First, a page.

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Genetic Genealogical Privacy Standards

by Bradley Jansen January 18th, 2015 1:12 pm

The Genetic Genealogy Standards Committee recently came out with a document on Genetic Genealogy Standards that can be found here:

http://www.thegeneticgenealogist.com/wp-content/uploads/2015/01/Genetic-Genealogy-Standards.pdf

My take at first blush is that it's good that the genealogy community continues to update its standards with the times--and that it increasing recognizes the importance of privacy in those standards.

For example, there are several sections where the standards address areas of concern to this blog:

2. Testing With Consent. Genealogists only obtain DNA for testing after receiving consent, written or oral, from the tester. In the case of a deceased individual, consent can be obtained from a legal representative. In the case of a minor, consent can be given by a parent or legal guardian of the minor. However, genealogists do not obtain DNA from someone who refuses to undergo testing.1

3. Raw Data. Genealogists believe that testers have an inalienable right to their own DNA test results and raw data, even if someone other than the tester purchased the DNA test.

6. Privacy. Genealogists only test with companies that respect and protect the privacy of testers. However, genealogists understand that complete anonymity of DNA tests results can never be guaranteed.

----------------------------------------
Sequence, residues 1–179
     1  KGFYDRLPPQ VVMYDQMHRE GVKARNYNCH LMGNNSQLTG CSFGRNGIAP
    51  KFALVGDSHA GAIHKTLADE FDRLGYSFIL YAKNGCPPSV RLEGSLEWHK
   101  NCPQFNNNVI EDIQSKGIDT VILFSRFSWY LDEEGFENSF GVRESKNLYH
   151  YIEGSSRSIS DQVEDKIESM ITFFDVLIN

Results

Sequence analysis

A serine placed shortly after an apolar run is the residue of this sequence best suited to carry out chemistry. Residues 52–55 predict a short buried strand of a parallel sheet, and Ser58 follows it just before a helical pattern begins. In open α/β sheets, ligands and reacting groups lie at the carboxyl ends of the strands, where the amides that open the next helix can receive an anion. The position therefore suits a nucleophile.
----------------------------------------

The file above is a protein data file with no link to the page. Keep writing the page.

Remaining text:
7. Access by Third Parties. Genealogists understand that once DNA test results are made publicly available, they can be freely accessed, copied, and analyzed by a third party without permission. For example, DNA test results published on a DNA project website are publicly available.

8. Sharing Results. Genealogists respect all limitations on reviewing and sharing DNA test results imposed at the request of the tester. For example, genealogists do not share or otherwise reveal DNA test results (beyond the tools offered by the testing company) or other personal information (name, address, or email) without the written or oral consent of the tester.

9. Scholarship. When lecturing or writing about genetic genealogy, genealogists respect the privacy of others. Genealogists privatize or redact the names of living genetic matches from presentations unless the genetic matches have given prior permission or made their results publicly available. Genealogists share DNA test results of living individuals in a work of scholarship only if the tester has given permission or has previously made those results publicly available. Genealogists may confidentially share an individual’s DNA test results with an editor and/or peer-reviewer of a work of scholarship. Genealogists also disclose any professional relationship they have with a for-profit DNA testing company or service when lecturing or writing about genetic genealogy.

The committee explains their process, membership, review of comments, etc., all here
http://www.geneticgenealogystandards.com

It was pointed out that many of the members on the committee have ties to 23andMe and Ancestry.com which should have been disclosed properly.

The question then remains whether the community will be able to self-regulate.  We will have to come back to this subject soon.

One Response to “Genetic Genealogical Privacy Standards”

  1. avatar jonesge says: